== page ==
When I was born, my birthday gifts included US savings bonds ($50 dollar face value, I believe). I’ve had a savings account since about age 7, and started reading brokerage account statements at around age 9. My brokerage college fund started with $1000 and nicely grew to about $4000 by the time I started college at the tender age of 17.
Before the age of 10, I was enthralled by the concept of compound interest. I was curious about the difference between monthly, weekly, daily, hourly, and by-the-second, even instantaneous compounding. Little did I know at the time that this concept lead to the mathematical concepts of limits, calculus, and the number e, Euler’s number.
Needless to say, I love math and finance. But I first experienced a truly heart-pounding thrill when I started online trading sometime in the late 90’s. I could see the bid and ask constantly moving, and tried limit orders. The asks kept rising, and I kept inching up my bid. Eventually my bid got hit and I was an owner of my first online stock. This was different than buying mutual funds on the phone from Vanguard, and getting quarterly paper statements. This was in real time and it was exciting.
I’ve read a lot about Peter Lynch, including his books, and I’ve learned some lessons good and bad. The bad lesson, as I read his words, was “Don’t buy bonds unless they paying at least 8 or 10 percent.” The good lessons were “Don’t buy what you don’t understand.” and “boring investments are good… boring names, unsexy, but solid investments are good.”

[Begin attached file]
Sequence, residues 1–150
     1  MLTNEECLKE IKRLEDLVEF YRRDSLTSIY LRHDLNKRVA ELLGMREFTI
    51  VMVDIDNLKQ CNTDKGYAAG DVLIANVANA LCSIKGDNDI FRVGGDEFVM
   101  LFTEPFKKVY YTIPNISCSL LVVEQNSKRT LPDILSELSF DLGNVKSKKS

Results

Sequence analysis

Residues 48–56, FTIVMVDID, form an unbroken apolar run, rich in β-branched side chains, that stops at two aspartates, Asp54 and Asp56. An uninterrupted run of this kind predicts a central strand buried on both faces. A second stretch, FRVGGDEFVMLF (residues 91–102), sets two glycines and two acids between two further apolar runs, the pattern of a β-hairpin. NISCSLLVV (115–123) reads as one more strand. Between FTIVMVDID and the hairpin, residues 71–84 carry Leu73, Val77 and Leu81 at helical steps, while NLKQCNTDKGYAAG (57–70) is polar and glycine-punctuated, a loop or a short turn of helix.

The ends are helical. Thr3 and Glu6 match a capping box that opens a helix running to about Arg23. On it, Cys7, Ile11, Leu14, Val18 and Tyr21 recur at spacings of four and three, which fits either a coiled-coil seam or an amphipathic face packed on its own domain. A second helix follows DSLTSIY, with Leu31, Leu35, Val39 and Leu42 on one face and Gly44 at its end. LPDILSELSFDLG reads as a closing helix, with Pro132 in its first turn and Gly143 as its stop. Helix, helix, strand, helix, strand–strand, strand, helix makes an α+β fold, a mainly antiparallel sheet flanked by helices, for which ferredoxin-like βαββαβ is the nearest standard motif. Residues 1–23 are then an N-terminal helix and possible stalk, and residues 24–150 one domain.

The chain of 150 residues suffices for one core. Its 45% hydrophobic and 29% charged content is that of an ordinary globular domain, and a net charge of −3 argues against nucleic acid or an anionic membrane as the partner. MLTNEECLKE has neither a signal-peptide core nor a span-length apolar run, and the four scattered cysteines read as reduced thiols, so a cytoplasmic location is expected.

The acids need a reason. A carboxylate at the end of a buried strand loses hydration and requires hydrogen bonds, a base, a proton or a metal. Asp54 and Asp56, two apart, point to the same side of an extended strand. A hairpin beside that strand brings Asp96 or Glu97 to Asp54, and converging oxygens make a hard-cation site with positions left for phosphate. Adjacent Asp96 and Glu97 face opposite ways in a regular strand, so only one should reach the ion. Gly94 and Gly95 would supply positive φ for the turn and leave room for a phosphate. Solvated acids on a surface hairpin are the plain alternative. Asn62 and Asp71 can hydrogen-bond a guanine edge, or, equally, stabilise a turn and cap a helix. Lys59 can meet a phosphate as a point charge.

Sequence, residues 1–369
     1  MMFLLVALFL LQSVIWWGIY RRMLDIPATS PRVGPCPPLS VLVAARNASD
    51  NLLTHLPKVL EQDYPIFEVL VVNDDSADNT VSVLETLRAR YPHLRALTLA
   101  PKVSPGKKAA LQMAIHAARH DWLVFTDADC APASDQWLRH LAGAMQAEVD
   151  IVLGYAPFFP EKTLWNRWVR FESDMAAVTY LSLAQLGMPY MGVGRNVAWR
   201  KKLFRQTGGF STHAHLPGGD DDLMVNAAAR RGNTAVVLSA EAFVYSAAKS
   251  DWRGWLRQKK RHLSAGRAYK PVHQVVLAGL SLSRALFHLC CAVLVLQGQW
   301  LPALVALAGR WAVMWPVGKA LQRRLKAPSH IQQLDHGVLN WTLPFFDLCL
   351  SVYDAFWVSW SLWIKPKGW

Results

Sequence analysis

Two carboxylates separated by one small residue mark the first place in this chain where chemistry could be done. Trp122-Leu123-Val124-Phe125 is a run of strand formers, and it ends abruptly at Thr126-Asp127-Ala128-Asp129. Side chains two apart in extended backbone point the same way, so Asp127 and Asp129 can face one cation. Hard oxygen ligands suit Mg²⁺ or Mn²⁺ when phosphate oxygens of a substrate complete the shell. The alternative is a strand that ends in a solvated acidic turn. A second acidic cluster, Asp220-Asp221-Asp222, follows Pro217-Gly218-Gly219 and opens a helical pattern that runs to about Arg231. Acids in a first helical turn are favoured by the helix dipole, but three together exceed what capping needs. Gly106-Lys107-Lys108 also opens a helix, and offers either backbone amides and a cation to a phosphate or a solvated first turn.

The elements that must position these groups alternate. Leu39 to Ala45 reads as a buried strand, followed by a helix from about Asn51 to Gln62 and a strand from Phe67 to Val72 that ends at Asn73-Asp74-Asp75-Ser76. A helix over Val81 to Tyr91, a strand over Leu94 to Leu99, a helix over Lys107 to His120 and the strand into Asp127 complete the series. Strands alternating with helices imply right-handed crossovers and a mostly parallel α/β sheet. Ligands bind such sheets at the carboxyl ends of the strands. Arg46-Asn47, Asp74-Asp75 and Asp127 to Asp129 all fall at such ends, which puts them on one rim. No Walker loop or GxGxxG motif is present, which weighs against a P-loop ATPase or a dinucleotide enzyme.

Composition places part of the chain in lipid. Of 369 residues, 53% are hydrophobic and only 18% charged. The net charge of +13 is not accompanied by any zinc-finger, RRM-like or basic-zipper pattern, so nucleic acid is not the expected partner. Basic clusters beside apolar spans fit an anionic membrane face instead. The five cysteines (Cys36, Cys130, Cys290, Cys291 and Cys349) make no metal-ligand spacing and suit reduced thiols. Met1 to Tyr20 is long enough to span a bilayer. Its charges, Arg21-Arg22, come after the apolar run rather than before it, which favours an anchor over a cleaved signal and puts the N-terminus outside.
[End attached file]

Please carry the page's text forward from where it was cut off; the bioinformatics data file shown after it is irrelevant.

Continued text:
My next financial thrill revolved around options sales and purchases. I even recall making a 20-option spread trade that was scary, but ended up netting me about $3000 in a very short time.
I have also has some thrill involving real-estate offers, counter-offers, counter-counter offers, and purchases. Mostly, tension and anxiety are better descriptors than excitement. Mild disappointment mostly describes failed attempted real-estate purchases. Moderate to exuberant happiness describes my successful real-estate bids.
In the last year or two, my trades have not elicited an significant cardiac or endocrine event. While almost always cerebral and well-considered, my trades have occasionally made my heart go pitter-patter and my endocrine system give me a pleasant rush. But lately the trill is gone. My pulse is steady and the motions are vaguely methodical and systematic.
My love of research, introspection, and contemplation remains. Trading, for me, is just a means to an end. Increasingly dispassionate. In the end I hope and believe this makes me a better trader. As always, time will tell.